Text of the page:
On a cross country team that just placed second in the NESCAC, a sophomore runner has shown that he is a step above the rest.

Less than 15 months after joining Bowdoin's team, Coby Horowitz '14 has once again proven he has what it takes to succeed.

Horowitz finished second at the men's NESCAC championship last Saturday at Amherst, the only Bowdoin runner to receive First Team All-Conference honors.

Horowitz won his second straight state title in a close race at Pineland Farms on October 15, edging out Bates' Tully Hannan by a mere six seconds. After running neck and neck with Hannan for the last two miles of the course, Horowitz passed him in the last 300 meters for the win. Following this big win, Horowitz was named the NESCAC Performer of the Week.

"That was a really good race," he said. "That was a big deal to me because we see them all the time and they're pretty much one of our bigger rivals. Bates is ranked ninth in the nation, so that was a big meet for us."

What he likes most about running, he said simply, is winning.

Running cross country runs in the Horowitz family. Horowitz first started running in sixth grade, following in the footsteps of his older sister, Lindsey Horowitz '12, who captains the women's cross country team. After visiting her at Bowdoin during his sophomore year of high school, Horowitz felt right at home.

"The big thing for me was the feel of the school and the coach," he said. "I visited other NESCAC schools and Bowdoin just stuck out. Out of all the coaches I met, Coach Slovenski was the best fit for me."

Horowitz applied early decision to Bowdoin after considering how comfortable he felt with the College's cross country team.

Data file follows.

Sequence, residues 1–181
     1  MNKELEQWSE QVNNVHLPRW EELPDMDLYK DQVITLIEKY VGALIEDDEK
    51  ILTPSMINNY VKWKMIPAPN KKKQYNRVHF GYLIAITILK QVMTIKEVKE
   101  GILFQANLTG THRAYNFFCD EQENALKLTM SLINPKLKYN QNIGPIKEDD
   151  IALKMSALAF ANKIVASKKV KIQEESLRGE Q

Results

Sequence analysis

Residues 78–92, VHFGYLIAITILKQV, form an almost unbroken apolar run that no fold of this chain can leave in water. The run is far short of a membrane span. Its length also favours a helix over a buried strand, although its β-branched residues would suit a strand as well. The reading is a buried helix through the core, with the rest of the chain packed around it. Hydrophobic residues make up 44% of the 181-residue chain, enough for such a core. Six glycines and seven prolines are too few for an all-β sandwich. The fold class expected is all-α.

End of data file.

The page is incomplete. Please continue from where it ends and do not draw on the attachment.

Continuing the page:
"It's a really good group of guys, and it makes it a lot easier than just going out and running by yourself," he said. "In high school you just do your own thing, but here, there's always someone that's as good as you on a certain day and you can run together."

Horowitz has leveraged the overall talent of the team to improve his performance, taking pointers from upperclassmen.

"One of the kids that graduated last year, Stan Berkow, he was a big role model for me," Horowitz said. "He owned me for a couple of meets so I kind of got on his training pattern and he helped me improve."

A two-sport athlete—he also runs track—Horowitz mainly worries about "balancing work, sleep and running."

"Sometimes you have to sacrifice one to do the other two," he said. "Other than that, running's always great."

On November 12, Horowitz will run on Bowdoin's home course for the third and last time this season in the NCAA regional championship.

"It's our home course; we have a good feel for it," Horowitz said. "It's really flat with no hills, so it might play to my strengths more. It'll be a good opportunity to go for the top."

Last year, Horowitz placed 69th in the regional meet, and with an additional year of college running now behind him, he said he is "not that worried" about the race.

Despite over 150 runners competing in the race, he said he is aiming for a top-five finish.